With respect to spontaneous abortion, the pooled OR bordered on statistical significance (lower 95% CI, 0.99) and only 3 studies of adequate quality could be identified for inclusion in this analysis. As such, lack of statistical power may have contributed to the nonsignificant finding for this outcome. Each of 2 meta-analysesof 665 and 566 original studies reported significantly increased risk for spontaneous abortion among women using antidepressant medications during pregnancy. Both included reports that were excluded from our analysis because of poor study quality. Furthermore, most available studies on this issue do not provide sufficient data to distinguish induced from spontaneous abortions. If women with depression are more likely than those without depression to terminate an unplanned pregnancy, the rates of spontaneous abortions could be inflated. Additional research on this issue, ideally isolating spontaneous from induced abortions and including studies with adequate control for maternal depression, is necessary to reconcile these conflicting findings.
Despite the very small difference in gestational age between exposed and unexposed groups, our results may indicate an increased risk for preterm birth among women exposed to antidepressant medication during pregnancy. An association between maternal depression or stress and preterm delivery is well documented.58,67,68 Few studies examining an association between maternal depression and preterm birth have controlled for antidepressant treatment, such that prenatal exposure to antidepressant medications may be an important confounder. The biological mechanisms for an effect of antidepressant exposure on preterm birth are not known. However, it has been reported69 that women using antidepressant medication during the second half of pregnancy had higher saliva estriol levels compared with women with a history of depression but limited or no antidepressant exposure during pregnancy as well as women with no history of depression or antidepressant treatment. Elevated estriol levels have been associated70 with preterm birth, particularly those occurring after 35 weeks' gestation.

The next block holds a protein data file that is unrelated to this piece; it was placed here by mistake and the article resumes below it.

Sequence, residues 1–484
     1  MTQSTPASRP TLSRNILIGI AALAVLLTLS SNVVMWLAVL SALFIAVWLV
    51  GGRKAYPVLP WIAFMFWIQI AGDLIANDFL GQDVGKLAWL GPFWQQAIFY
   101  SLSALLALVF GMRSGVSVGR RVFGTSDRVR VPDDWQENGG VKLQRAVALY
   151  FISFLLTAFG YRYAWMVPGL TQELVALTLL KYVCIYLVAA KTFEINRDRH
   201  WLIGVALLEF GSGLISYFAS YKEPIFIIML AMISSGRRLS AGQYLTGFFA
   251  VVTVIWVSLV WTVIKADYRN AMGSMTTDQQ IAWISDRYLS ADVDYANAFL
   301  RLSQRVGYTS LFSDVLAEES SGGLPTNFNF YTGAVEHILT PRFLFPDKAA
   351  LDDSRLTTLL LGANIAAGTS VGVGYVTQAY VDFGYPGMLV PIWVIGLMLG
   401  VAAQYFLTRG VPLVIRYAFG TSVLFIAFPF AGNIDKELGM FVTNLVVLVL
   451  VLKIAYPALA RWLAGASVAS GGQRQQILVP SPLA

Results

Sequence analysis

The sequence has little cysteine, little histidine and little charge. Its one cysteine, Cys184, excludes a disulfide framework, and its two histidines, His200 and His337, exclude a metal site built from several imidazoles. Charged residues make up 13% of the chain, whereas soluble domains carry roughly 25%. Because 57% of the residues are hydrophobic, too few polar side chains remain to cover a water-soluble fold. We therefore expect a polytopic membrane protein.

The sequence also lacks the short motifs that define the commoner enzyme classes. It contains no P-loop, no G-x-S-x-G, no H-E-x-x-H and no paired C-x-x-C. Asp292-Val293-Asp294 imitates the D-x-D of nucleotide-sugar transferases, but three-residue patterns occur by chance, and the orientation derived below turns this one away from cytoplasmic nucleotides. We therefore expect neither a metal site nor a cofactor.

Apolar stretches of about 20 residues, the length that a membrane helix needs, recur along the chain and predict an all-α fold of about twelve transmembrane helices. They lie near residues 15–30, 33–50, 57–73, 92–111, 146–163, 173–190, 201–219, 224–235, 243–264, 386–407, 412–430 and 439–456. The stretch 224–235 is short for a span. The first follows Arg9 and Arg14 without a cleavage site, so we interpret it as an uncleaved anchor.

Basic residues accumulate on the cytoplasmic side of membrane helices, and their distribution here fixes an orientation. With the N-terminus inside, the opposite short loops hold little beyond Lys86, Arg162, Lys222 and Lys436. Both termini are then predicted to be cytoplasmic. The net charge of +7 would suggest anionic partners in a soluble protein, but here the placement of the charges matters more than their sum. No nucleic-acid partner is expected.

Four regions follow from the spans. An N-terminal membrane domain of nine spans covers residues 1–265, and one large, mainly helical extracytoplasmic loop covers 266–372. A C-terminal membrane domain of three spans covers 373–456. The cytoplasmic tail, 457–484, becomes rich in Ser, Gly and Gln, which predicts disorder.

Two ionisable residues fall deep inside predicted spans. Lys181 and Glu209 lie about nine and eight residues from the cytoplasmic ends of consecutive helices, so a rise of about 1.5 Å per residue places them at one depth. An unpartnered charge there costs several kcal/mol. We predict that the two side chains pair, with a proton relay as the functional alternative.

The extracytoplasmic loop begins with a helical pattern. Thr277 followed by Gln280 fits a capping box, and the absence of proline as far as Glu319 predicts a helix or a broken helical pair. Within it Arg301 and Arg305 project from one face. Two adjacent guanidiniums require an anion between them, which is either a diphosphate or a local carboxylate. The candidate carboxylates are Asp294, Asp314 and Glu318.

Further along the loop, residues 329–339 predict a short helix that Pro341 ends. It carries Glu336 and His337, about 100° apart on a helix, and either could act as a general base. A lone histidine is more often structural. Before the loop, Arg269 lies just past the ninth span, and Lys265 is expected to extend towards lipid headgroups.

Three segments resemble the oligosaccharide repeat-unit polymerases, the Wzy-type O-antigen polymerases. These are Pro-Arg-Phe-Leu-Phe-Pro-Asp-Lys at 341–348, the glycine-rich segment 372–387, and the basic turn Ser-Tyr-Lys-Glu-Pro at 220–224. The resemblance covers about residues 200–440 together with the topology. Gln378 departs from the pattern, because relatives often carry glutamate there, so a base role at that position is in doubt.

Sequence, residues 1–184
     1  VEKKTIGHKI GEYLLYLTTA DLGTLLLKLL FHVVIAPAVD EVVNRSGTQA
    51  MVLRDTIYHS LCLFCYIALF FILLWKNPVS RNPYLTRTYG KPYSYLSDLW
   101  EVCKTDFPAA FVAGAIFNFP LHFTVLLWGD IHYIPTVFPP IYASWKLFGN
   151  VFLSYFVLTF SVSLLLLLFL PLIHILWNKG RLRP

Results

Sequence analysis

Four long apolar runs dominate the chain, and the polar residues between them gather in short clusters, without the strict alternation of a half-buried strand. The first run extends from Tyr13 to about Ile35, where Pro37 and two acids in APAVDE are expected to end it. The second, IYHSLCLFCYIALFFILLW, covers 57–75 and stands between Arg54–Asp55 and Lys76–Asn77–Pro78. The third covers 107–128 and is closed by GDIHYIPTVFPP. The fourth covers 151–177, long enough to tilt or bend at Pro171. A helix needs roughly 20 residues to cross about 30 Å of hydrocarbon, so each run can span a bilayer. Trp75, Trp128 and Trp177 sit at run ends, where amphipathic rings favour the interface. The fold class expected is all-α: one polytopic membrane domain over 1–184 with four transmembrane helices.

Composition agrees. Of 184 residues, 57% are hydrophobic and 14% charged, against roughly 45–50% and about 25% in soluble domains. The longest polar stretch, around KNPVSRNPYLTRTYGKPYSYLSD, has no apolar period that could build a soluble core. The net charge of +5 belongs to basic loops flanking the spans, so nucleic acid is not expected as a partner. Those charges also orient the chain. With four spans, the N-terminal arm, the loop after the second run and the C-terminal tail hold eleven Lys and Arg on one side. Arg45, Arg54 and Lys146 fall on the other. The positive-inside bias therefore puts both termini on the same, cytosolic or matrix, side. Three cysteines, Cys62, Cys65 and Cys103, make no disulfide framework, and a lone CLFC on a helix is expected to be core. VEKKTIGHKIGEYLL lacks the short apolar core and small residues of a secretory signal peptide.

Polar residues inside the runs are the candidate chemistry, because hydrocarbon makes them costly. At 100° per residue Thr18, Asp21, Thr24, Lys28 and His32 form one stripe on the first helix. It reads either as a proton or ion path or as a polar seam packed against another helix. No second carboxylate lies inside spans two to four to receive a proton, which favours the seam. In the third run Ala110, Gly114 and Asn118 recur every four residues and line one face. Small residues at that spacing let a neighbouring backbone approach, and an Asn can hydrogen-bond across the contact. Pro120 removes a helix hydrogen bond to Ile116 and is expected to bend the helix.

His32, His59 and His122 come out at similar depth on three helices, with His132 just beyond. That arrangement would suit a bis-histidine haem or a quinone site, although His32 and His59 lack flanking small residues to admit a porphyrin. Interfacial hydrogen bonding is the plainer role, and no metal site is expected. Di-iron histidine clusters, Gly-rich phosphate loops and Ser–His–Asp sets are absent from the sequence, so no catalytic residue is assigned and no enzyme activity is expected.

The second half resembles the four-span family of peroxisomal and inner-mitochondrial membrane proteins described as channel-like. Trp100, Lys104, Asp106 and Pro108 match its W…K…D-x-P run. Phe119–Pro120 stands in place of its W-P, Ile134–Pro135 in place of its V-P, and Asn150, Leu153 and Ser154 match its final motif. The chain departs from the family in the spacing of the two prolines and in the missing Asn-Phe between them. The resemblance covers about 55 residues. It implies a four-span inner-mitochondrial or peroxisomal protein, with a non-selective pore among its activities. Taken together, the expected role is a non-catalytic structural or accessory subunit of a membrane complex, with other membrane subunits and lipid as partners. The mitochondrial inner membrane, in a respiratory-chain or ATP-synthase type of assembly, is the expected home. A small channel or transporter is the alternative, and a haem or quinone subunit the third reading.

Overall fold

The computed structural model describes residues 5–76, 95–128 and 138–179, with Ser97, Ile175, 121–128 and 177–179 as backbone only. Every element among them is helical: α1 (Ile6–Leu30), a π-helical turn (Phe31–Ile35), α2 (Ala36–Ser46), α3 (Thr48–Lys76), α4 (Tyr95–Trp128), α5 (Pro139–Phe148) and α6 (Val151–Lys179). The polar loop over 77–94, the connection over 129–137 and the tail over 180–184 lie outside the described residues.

The studies included in this meta-analysis defined premature delivery as a categorical variable, where deliveries at gestational age of less than 37 weeks (and in 2 cases,less than 36 weeks) were classified as premature delivery. Although it is thought that medical comorbidities associated with preterm birth are predominantly associated with birth at less than 33 weeks' gestation,71 there are several clinical outcomes that merit attention for near-term or later preterm infants defined as those born at less than 37 weeks but 35 weeks or more.72-77 For example, one study found that, relative to full-term infants, near-term infants had a statistically significantly higher risk for respiratory distress (4.2% vs 28.9%), temperature instability (0% vs 10%), and jaundice (37.9% vs 54.4%) and had received intravenous infusions more frequently (5.3% vs 26.7%).73 Other studies have described an increased rate of morbidity and mortality in late preterm infants (34-36 weeks) compared with full-term infants (37-41 weeks)74 and increased risk for respiratory distress in infants born at 35 and 36 weeks.75 Similarly, a recent review78 of long-term outcomes of later preterm infants reported that the rates of respiratory distress, persistent pulmonary hypertension of the newborn, intraventricular hemorrhage, hypoglycemia, and feeding difficulties are considerably higher in late preterm infants than in full-term infants. Our analysis of association between gestational age and in utero antidepressant exposure remained statistically significant, even when looking only at studies that provided a comparison of pregnant women exposed to an antidepressant during pregnancy with depressed pregnant women who were not taking antidepressants during pregnancy. There were 5 studies with 6 estimates of association yielding an SMD of −0.19 (95% CI, −0.37 to −0.02; P = .03). Even when we restricted this analysis to 3 studies that not only had a depressed unexposed comparison group but also adjusted for smoking and number of prior births, the association remained statistically significant (SMD, −0.21; 95% CI, −0.40 to −0.02; P = .03). However, in light of established risks associated with untreated prenatal depression for both mother and infant,4-6 the clinical relevance of these increased risks should be interpreted with caution.58,79